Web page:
We do this software development thing.
I don’t have to tell you at times, it’s a very trying process. You shouldn’t have to deal with tools that get in your way or make your experience any less pleasurable.
Okay. So you got the fancy chair. How about that little black box you type in everyday? Is it fully customized to your liking? What about your text editor?
These tools are things you use every single day. You look at them day in and day out hours at a time. You need to be in love with them. Take a moment to process that. Then tell me whether not you can’t justify taking a day to setup all your tools to the best of your liking.
Now that was a bit extreme but it was to get a clear point across. This. Is. Important. This won’t take a day, but I can’t promise that you won’t spend endless hours customizing every little detail of your setup.
Mike has written up a little post on the greatness of zsh, which highlights the reasons why you should give zsh a shot. One of the many reasons to switch is oh-my-zsh started by Robby Russell which is a
A community-driven framework for managing your zsh configuration. Includes 40+ optional plugins (rails, git, OSX, hub, capistrano, brew, ant, macports, etc), over 80 terminal themes to spice up your morning, and an auto-update tool so that makes it easy to keep up with the latest updates from the community.
Beyond all that it has extensive theme framework for creating beautiful terminal themes which are easy to customize and share.
So the prompt here is a current directory surrounded with square braces. Fully customized and to my liking.
Now another feature that is provided with oh-my-zsh is git repository detection which detects the repository branch as well as the current state of the repository which is represented with a red * (in my case).
I have quite minimalist terminal but you can find a lot more themes here shared by other oh-my-zsh users.
Wait a minute. There is more love for your terminal, and this time it comes in the form of tmux.
brew install tmux; or sudo apt-get install tmux
tmux is a terminal multiplexer, which basically means it allows you to manage multiple terminal sessions in the same terminal window. It even has support for remote terminal sessions when you solving problems for your co-workers like a boss.
There was alot of stuff in that video, all awesome I know. Now you might be thinking I can script all the things into my tmux. But this does make things slow if you do too much in these scripts. Keep it simple stupid.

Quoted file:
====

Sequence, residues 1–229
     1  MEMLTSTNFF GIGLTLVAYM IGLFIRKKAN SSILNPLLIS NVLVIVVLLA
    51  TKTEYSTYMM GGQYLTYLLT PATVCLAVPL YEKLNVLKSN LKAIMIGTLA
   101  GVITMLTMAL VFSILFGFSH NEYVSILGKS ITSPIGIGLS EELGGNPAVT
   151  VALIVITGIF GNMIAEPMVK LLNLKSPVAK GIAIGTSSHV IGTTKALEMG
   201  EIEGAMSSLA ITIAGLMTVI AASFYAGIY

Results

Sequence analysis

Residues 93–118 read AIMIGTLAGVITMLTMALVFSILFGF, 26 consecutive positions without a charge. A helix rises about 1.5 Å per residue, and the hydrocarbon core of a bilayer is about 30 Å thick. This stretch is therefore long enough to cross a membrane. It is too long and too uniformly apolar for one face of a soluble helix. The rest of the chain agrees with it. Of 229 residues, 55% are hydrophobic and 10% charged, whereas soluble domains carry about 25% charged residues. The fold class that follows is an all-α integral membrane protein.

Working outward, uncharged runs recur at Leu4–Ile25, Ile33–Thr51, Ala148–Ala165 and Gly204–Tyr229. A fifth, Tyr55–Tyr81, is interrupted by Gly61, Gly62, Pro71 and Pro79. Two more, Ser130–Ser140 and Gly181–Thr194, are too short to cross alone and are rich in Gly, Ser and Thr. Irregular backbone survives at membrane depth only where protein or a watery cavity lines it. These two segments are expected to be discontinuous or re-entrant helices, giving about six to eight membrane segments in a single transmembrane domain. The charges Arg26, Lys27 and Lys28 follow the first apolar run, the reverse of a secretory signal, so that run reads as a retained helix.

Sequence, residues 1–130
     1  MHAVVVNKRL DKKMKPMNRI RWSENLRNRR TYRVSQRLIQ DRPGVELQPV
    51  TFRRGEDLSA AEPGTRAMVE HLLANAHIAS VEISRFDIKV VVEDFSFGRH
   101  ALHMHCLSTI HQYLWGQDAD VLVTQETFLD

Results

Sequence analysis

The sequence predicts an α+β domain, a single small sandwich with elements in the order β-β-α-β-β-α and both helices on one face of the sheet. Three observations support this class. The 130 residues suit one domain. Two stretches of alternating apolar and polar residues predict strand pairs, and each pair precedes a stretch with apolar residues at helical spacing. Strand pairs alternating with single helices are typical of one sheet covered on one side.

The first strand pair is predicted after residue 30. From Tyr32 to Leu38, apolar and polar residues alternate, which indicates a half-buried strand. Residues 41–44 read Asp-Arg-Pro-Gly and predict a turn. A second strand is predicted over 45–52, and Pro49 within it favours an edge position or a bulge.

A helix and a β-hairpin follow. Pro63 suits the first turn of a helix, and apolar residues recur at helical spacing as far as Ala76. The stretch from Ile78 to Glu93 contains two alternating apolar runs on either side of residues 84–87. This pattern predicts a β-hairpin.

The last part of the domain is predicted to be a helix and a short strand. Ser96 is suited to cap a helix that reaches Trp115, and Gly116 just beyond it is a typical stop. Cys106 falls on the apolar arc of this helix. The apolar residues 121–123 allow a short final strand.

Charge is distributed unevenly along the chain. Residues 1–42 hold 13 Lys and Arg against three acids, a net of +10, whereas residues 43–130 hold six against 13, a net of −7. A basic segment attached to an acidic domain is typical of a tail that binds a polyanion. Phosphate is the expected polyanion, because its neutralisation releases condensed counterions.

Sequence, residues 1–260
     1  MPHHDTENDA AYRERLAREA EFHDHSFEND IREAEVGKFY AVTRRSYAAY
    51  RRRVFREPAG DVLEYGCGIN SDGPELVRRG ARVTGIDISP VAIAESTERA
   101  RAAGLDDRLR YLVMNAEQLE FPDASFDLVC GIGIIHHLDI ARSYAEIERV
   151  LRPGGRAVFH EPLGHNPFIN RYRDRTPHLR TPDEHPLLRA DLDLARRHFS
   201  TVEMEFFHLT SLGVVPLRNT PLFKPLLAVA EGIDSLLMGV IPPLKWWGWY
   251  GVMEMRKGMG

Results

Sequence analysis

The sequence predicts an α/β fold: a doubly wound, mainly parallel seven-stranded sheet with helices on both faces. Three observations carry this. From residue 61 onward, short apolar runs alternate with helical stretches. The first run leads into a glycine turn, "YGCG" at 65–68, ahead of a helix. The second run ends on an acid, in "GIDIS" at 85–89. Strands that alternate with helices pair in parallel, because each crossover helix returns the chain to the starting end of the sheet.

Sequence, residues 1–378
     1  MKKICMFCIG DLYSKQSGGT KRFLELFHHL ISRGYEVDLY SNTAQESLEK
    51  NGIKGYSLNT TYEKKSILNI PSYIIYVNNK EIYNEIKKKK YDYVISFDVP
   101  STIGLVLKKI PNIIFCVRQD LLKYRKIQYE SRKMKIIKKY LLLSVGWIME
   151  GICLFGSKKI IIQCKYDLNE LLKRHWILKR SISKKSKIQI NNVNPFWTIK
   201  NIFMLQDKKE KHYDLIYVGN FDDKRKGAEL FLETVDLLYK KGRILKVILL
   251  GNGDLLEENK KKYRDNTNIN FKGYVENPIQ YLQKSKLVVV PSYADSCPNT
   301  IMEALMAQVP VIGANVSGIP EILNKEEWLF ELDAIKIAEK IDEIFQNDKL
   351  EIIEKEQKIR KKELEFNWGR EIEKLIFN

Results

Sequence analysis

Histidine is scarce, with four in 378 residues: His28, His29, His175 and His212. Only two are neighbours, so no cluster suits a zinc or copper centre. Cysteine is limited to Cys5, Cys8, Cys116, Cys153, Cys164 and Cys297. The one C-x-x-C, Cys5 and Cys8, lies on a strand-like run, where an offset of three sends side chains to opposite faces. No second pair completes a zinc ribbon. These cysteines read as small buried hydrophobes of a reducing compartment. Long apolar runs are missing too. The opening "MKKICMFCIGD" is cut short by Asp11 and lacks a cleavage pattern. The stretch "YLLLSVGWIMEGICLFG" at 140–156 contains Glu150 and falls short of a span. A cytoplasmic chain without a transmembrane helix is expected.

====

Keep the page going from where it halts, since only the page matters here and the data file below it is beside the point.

No one loves a slow terminal. No one. You can find my tmux.conf here.
What makes a good programming font?
- you can tell the difference between O and 0.
These are all requirements of fonts I use while programming its important that you choose a good one. Always keep an eye out for something better.
Some people really enjoy having bold fonts as well, they just stand out better so you might want to make sure it comes with bold if you like that sort of thing.
Here are some fonts that I think are awesome and excellent for extended periods of time.
Hopefully, I was able to convince you that customizing your tools is a major win both in speed and happiness.
Don’t put up with crap tools. Demand more.
To those of you who think colors aren’t important I leave this little message.
Welcome to hell.
Colors are extremely important. They are useful for two specific reasons here.
First of which is providing contrast, it can be hard after an extended period of time pulling out useful information from a blob of monochrome text on the screen. Colors break the text up.
Secondly they provide meaning, red = bad; green = good; which are much easier to process when reading alot of information.
If you have any questions clickety-click click here on Twitter.
If you are looking to get more proficient with ZShell and general terminal scripting the following books provide a good starting point for beginners as well as people well versed in shell scripting.
- Bash to Zsh - Really good book for the bash to zsh transition
- Classic Shell Scripting — Amazing book for learning to write shell scripts!
I also run Neckbeard Republic where I discuss tips like these and python development through screencasts.